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Under the color-coded risk designations the Department of Public Health uses to reflect incidence rates of COVID-19 infections in cities and towns, Massachusetts as a whole would fall into the highest-risk category as of Wednesday.
The statewide average daily case rate over the past 14 days climbed to 8.7 cases per 100,000 residents in the weekly update published Wednesday, crossing the eight-case threshold that moves municipalities from yellow, or "moderate risk," to red, or "higher risk," on the department's scale.
Meanwhile, health authorities added 27 more cities and towns to the highest-risk category on Wednesday after increases in their local incidence rates: Abington, Auburn, Berkley, Canton, East Bridgewater, East Longmeadow, Fairhaven, Fall River, Hanover, Hanson, Hingham, Holbrook, Holliston, Littleton, Marshfield, Milford, Milton, Oxford, Pembroke, Rockland, Saugus, Shrewsbury, Somerville, Tyngsborough, Wakefield, West Newbury and Weymouth.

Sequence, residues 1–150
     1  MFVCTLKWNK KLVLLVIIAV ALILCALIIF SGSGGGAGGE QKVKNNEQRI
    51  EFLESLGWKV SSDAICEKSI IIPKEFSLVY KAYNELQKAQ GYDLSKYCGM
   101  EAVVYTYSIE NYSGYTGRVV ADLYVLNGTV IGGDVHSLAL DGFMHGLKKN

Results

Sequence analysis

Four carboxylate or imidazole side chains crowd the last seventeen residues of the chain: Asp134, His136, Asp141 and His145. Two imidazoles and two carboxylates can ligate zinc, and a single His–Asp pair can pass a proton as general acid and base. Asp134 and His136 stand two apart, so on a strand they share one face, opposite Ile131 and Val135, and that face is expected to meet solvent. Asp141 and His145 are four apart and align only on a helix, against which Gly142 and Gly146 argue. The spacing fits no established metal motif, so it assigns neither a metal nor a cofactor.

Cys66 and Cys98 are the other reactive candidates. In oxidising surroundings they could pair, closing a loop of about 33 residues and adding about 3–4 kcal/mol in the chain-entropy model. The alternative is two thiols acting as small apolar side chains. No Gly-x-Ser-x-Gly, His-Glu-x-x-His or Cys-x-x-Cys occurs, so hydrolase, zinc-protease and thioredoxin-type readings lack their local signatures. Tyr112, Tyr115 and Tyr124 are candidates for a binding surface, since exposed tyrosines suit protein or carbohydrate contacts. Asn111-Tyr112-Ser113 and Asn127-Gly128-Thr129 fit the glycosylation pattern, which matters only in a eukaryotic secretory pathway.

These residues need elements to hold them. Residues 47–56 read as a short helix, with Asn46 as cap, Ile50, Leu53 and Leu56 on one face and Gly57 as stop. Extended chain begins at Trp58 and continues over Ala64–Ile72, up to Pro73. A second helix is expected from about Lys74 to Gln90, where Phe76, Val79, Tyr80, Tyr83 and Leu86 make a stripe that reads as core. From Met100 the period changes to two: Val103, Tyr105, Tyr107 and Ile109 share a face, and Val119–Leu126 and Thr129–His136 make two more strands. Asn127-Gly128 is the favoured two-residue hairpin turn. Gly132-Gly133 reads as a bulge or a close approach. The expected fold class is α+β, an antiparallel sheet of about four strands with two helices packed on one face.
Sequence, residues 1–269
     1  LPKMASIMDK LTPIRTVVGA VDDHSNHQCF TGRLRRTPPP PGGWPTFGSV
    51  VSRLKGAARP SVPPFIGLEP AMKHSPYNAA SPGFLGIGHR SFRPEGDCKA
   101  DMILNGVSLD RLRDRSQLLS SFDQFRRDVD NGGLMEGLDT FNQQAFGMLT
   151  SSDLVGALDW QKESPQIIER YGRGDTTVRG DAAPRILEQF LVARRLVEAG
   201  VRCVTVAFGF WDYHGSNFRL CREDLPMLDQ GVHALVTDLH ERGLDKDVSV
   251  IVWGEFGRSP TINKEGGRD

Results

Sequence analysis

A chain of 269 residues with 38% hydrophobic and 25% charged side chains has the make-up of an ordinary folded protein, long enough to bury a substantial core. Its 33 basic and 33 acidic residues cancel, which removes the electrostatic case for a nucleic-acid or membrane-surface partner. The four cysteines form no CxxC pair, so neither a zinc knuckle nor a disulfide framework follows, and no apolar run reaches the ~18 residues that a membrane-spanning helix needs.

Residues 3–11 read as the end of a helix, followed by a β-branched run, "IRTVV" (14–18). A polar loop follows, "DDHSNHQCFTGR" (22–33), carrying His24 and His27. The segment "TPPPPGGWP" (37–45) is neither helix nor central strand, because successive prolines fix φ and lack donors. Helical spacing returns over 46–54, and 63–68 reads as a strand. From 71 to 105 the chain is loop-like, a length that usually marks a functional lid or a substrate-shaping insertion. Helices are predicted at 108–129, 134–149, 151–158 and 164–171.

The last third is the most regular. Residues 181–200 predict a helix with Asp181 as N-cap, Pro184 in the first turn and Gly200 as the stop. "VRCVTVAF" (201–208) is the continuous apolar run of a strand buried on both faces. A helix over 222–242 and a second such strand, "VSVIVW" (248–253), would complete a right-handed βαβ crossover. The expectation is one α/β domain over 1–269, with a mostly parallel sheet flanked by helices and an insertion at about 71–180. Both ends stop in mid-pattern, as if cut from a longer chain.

They join 36 other communities that were already in the red: Acushnet, Amherst, Attleboro, Boston, Brockton, Chelmsford, Chelsea, Dartmouth, Everett, Framingham, Haverhill, Holyoke, Hudson, Kingston, Lawrence, Leicester, Lowell, Lynn, Malden, Marlborough, Methuen, Middleton, Nantucket, New Bedford, North Andover, Plymouth, Randolph, Revere, Southborough, Springfield, Sunderland, Waltham, Webster, Winthrop, Woburn and Worcester.
The highest rate by far is in Middleton, whose 105.2 average daily incidences per 100,000 people is more than double the second-highest rate of 41.9 in Lawrence.
Communities that fall into the riskiest category cannot proceed into phase three, step two of the economic reopening the Baker administration outlined until they land in the grey, green or yellow for three consecutive reporting periods.
Four towns that had been in the red last week were upgraded in Wednesday's report: Avon, Dracut, Dudley and Southbridge.
In Wednesday's daily report, DPH announced another 518 confirmed COVID-19 cases and 16 deaths among confirmed patients. Both measures of the positivity rate — one calculating how many individuals have tested positive and the other counting how many tests, including repeat samples of the same person, come back positive — continued to tick upward.
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